Do You Read Me?

Reading glasses. I didn’t think I’d ever have a use for them, except maybe to burn bugs by focusing the sun’s rays on their exoskeletons.

Today, I own and use several pairs . . . for reading. I don’t always need them (I’m in denial about my presbyopia), but when I do, I can’t get by without them. And reading is more than a pastime for me. I average hours of reading per day.

Do you have presbyopia?

Finding a satisfactory pair of reading glasses isn’t easy. It has to meet certain conditions.

  1. One pair of reading glasses isn’t enough. You need several. For me, having six or seven is about right: one for my home study, one for the bedroom, one for each of our two cars, one at my office, and a pair or two for my laptop bag and day pack.
  2. Reading glasses should be inexpensive. If you need several serviceable pairs at one time, if they are easily lost, if they break down after a few months use, then cost becomes a factor.
  3. Reading glasses should fit comfortably. They should be lightweight and sit properly on nose and ears. Lightweight is easy. But the rest can be a challenge. Plastic hinges don’t adjust, and the metal frames wear out easily with adjustments and general use.
  4. Reading glasses should be durable. They should be, but most of them aren’t. Durable means that they can tolerate a little abuse. “Abuse” is part of normal use. Reading glasses are on and off, on and then off again. Mine often are tossed aside when something interrupts my reading.
  5. Reading glasses should be scratch resistant. This can compromise the weight factor, since glass tends to wear better than plastic. But the lighter plastics are improving.
  6. Reading glasses should meet your fashion requirements. At home, I don’t really care much about appearances. I can take the overt mocking my daughters deliver. But in my public speaking, it matters some whether I’m going to be mistaken for the matron of the university library.
  7. Reading glasses should be accompanied by some sort of protective case. You don’t want bulge. But the lenses should be moderately protected when you’re on the move and you’re not wearing your glasses. I prefer a pair that can be flipped up atop my head for safe storage and convenient re-utilization. But this isn’t best in all situations.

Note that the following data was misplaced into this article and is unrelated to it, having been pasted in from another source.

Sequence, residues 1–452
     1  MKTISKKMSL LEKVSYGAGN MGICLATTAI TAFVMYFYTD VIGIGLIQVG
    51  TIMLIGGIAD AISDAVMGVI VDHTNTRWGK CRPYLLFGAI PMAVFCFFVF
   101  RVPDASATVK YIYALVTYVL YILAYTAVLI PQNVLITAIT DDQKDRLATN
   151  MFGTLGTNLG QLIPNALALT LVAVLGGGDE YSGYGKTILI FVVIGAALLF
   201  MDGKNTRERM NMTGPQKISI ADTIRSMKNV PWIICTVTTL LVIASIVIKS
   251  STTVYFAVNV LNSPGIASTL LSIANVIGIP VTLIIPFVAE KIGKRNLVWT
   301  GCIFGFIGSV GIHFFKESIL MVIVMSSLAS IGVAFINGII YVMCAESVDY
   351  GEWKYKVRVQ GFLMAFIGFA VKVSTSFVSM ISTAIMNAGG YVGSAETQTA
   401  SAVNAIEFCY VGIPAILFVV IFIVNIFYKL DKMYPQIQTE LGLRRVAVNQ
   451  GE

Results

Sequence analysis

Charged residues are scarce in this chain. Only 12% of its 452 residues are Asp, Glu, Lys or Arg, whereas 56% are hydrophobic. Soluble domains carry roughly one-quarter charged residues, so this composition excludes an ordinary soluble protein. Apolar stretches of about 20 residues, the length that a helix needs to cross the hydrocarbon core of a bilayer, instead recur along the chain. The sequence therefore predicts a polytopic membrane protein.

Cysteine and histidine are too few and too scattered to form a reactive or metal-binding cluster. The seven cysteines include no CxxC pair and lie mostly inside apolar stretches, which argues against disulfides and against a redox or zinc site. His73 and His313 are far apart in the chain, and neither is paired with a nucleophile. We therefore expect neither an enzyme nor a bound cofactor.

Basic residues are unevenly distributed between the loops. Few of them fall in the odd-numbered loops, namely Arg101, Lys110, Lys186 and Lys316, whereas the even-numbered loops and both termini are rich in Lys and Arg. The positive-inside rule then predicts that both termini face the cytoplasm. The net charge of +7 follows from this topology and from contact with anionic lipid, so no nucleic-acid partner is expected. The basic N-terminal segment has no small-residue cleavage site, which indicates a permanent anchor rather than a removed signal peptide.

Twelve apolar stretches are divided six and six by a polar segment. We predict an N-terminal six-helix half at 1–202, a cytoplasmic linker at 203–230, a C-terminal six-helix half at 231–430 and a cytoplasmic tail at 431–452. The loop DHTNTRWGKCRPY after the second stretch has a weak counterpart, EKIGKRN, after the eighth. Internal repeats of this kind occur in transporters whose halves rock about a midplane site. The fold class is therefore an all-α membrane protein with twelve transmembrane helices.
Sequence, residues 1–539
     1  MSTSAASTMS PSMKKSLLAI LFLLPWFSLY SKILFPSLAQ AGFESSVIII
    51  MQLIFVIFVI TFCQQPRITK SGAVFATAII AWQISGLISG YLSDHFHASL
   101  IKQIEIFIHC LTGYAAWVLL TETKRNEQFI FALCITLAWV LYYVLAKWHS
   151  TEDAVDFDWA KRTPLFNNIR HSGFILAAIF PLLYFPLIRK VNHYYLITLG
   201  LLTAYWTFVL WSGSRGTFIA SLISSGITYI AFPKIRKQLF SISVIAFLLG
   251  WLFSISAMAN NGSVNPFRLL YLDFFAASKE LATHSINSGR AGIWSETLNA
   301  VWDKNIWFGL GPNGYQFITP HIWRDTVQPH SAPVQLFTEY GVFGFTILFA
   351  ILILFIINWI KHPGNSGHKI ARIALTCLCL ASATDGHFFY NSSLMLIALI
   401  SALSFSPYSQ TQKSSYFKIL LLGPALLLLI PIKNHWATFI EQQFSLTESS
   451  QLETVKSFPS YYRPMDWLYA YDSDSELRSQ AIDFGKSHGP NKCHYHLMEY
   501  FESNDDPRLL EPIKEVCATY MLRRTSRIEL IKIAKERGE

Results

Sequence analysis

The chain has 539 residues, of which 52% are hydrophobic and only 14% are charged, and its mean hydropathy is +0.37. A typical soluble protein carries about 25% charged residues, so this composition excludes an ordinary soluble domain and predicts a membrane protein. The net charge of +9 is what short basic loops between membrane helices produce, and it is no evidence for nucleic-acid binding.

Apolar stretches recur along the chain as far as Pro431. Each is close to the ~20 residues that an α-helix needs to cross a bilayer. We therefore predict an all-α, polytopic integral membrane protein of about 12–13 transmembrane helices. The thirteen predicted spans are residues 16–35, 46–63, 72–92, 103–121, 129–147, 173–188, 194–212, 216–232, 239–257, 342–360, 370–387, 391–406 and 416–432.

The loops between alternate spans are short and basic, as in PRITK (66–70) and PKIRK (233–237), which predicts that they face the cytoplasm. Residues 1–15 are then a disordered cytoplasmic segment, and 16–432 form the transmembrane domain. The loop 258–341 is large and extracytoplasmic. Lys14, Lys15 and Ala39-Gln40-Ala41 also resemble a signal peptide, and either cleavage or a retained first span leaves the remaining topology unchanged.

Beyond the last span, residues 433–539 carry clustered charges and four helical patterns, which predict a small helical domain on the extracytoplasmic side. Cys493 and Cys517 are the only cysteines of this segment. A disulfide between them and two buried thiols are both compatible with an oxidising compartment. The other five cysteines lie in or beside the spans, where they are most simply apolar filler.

8. Reading glasses should be easy to replace. You have to plan on replacing your reading glasses eventually. Once you’ve become attached to a pair you like, it would be nice to know that they’re replaceable. I’ve discovered that several different pairs I’ve tried and like well enough are no longer available at the local pharmacy. So this requirement has become more important to me with experience.

I haven’t found a pair of reading glasses that meets all of these conditions to a superlative degree. One design surpasses others on some points, but lags behind on others. Sure, you might use different designs for different purposes at different locations. But then the several pairs serving specialized purposes aren’t so neatly interchangeable. It’s convenient to be able to move about with the same pair of glasses, even if you have duplicates at designated locations.

I’ve discovered an all-purpose design that adequately meets most of my requirements and reigns supreme in some respects. Before I unveil my discovery, though, I’d like to hear from you about your experience.

  • What do you recommend, in light of the requirements listed above?
  • What other requirements, if any, do you have for selecting a pair of reading glasses?
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About Doug Geivett
University Professor; PhD in philosophy; author; conference speaker. Hobbies include motorcycling, travel, kayaking, sailing.

2 Responses to Do You Read Me?

  1. Doug Geivett says:

    Excellent comments, Howard! I hope I’ve still got, oh, twenty more years before I have all the “issues” you speak of. But if I’m still motoring twenty years from now, I’ll be “Happy.”

    Like

  2. Howard says:

    I used to laugh at people who were always looking for glasses, then I had to wear them to read, also. Went through your outline until I moved up to bifocals. Problem solved? Nope! Later, I had to get trifocals so I could read the computer monitor. Problem solved? Nope! Later, I went to bifocals with the intermediate lens at the bottom to keep from falling down stairs, tripping over rocks on walks and looking through the wrong lens while riding the motorcycle. Over 90 mph on the bike I feel safer with my eyes closed and just listening to the exhaust noise from the v-twin engine. The noise is comforting because it is about the same thing I hear while relaxing in my recliner. Oh, that’s a different problem. “Tinnitus”. NOW, WHAT WAS THE QUESTION? OK! Next, I’ll try reading while riding 90 mph on the bike with my eyes shut!

    Like

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